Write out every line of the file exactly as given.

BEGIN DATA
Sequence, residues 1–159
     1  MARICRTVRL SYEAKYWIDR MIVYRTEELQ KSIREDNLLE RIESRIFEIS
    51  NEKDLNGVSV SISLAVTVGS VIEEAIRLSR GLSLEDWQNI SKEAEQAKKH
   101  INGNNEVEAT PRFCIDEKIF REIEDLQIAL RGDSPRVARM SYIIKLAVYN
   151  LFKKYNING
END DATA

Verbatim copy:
Sequence, residues 1–159
     1  MARICRTVRL SYEAKYWIDR MIVYRTEELQ KSIREDNLLE RIESRIFEIS
    51  NEKDLNGVSV SISLAVTVGS VIEEAIRLSR GLSLEDWQNI SKEAEQAKKH
   101  INGNNEVEAT PRFCIDEKIF REIEDLQIAL RGDSPRVARM SYIIKLAVYN
   151  LFKKYNING